Exercise 18 – Navigation

Exercise 18 – Navigation




  • Establish at planned altitude and cruise IAS
  • Pass overhead on planned heading
  • Start the stopwatch
  • Gross error check – lead-out feature
  • Heading, Airspeed, Altitude, Time ( H.A.A.T.) FIRE checks

Commercial Departure

  • Intercepting planned track ‘known’ start point
  • On intercept – start stopwatch
  • Cruise climb
  • Departure and Heading, Airspeed, Altitude, Time. FIRE checks


Map Reading

  • Map orientation
  • Fix features: size, uniqueness, contrast – daylight, seasonal variations
  • Work big to small


  • Bearing estimation – relative bearing
  • Range estimation – pro rata method


  • Clock to map to ground
  • Refer to map 2 to 3 mins before ETA at fix
  • Take and plot fix
  • Put map away until next event
  • Between events – lookout, fly accurately, cruise/ fuel checks
  • Note: F.R.E.D.A checks
    Fuel. Radio. Equipment. Directional gyro. Altimeter


  • Log ATA at/abeam fix
  • Calculate alteration of heading
  • Turn onto new heading
  • Revise and log new ETAs
  • Advise ATC of new ETAs, A/R


  • Identify turning point: pre-Heading, Airspeed, Altitude, Time. FIRE checks
  • Overfly it
  • Overhead: zero/start stopwatch, turn onto new heading
  • Gross error check
  • Log ATA
  • Adjust altitude: A/R
  • H.A.A.T. FIRE checks
  • RT: A/R
  • Note: 4 T’s of navigation for VFR flying
    Time. Turn. Talk. Task


  • Select suitable start point
  • Mark new track on map
  • Measure/estimate new track
  • Calculate new heading
  • At start point – turn to new heading, zero/start stopwatch
  • Calculate ETA, fuel burn, Safety Altitude
  • Log new data
  • Select en route fix point(s)
  • Navigate as normal
  • ATC – advise of intentions


  • Stick to flight plan
  • Check flying planned heading, speed, time
  • Re-check calculations
  • Not lost until 2 fix points missed
  • Get help early from ATC
  • Use GPS/radio aids to check position
  • Resume route/divert?



  • Stress that navigation is an integral part of flying and not in addition to the pilot’s normal duties. For this reason the techniques used are simple and the navigational activity in the air is kept to a minimum by sound pre-flight planning.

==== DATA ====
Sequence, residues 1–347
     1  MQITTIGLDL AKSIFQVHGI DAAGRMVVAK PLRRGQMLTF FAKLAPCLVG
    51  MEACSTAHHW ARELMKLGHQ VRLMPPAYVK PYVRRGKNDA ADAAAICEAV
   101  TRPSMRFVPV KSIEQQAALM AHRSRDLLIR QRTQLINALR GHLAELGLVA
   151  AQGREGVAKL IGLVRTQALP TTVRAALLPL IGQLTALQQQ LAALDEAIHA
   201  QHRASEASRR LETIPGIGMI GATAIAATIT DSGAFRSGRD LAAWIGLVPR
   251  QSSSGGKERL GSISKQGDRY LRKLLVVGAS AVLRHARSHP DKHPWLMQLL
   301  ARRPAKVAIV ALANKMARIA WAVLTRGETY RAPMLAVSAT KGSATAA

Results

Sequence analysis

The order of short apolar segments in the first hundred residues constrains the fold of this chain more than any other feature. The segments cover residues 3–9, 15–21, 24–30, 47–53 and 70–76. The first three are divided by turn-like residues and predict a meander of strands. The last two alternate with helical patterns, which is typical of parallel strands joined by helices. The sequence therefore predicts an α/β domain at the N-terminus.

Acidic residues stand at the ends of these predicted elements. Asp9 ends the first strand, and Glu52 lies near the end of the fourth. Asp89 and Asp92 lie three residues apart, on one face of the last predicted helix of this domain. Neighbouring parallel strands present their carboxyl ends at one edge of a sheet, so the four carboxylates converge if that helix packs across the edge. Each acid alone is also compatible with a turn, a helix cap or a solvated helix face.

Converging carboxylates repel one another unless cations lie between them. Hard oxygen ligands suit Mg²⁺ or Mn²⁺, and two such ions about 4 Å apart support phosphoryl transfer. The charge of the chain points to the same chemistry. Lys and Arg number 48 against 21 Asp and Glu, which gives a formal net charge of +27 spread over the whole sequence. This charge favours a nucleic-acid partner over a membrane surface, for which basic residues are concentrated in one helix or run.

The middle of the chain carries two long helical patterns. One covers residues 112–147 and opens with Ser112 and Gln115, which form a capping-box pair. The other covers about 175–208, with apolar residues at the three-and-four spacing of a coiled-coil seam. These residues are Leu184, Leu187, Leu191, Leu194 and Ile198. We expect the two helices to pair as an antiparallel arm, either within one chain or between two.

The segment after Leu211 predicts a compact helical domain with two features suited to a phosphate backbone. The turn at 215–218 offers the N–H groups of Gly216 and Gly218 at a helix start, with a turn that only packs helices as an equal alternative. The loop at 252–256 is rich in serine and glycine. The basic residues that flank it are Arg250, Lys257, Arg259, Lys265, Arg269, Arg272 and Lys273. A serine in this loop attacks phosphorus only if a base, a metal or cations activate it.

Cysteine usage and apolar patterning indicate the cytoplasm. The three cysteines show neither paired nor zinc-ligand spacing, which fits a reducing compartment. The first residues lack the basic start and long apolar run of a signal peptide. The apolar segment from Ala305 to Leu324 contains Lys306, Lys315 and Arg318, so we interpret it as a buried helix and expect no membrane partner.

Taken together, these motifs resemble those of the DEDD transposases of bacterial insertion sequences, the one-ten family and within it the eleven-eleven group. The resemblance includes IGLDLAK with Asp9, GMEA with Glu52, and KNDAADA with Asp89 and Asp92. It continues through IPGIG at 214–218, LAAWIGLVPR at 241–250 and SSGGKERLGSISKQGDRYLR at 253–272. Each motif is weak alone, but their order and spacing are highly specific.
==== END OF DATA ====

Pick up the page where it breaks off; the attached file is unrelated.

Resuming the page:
• Ensure your student understands that navigating successfully depends on accurate knowledge of distance and direction from a known point (start point, fix or turning point). In visual navigation, distance is determined on the basis of timing and speed so flying accurately at the planned IAS is essential, as is maintaining the planned heading. In summary: without accurate flying, navigation will fail.
  • The syllabus ensures that the potentially complex task of navigation is presented to students in a series of lessons of gradually increasing complexity. Never try to short cut this process and, even with a good student, ensure that before the first formal navigation lesson you have introduced your student to the following aspects of navigation during his general flying:
  1. Use of large features for orientation.
  2. Use of the Direction Indicator.
  3. Map orientation.
  4. Simple map reading.
  5. Estimation of distances, bearings and headings to reach a chosen point.


  • Preparatory Instruction
  1. Meteorological forecasts
  2. Map preparation
  3. Estimation and computation of headings, groundspeeds, ETAs and Minimum Safe Altitudes
  4. Pilot Navigation Technique
  5. Aeronautical Information Publications
  6. Air Traffic Regulations
  7. Distress and lost procedures
  8. Diversions
  9. Range and Endurance flying
  • Pre-flight planning

Initially, you should help your student to prepare flight logs and maps and advise him on the choice of fixes. Stress the importance of thorough and meticulous planning and route study before dual and solo exercises. Check his calculations before the early exercises and encourage him to confirm his own computer calculations using Mental Dead Reckoning methods as an independent check. Teach your student to prepare his maps for each exercise in accordance with “The Pilot Visual Navigation Student Training Standardization Supplement” which he will have been issued with.

  • Route Study

Stress the importance of thorough pre-flight route study to minimize the time spent in the air referring to the map. Ensure that he is familiar with the turning points and fix points, and can visualise how they will look from the air. The best way to do this is take his map away and get him to describe the MAJOR features of each leg (e.g. – after departure, town on the left, hills right, after 10 mins, cross major road …..etc.). This not only serves to check that he really has studied the route but also ensures that he is not going into too much detail.


  • Event Technique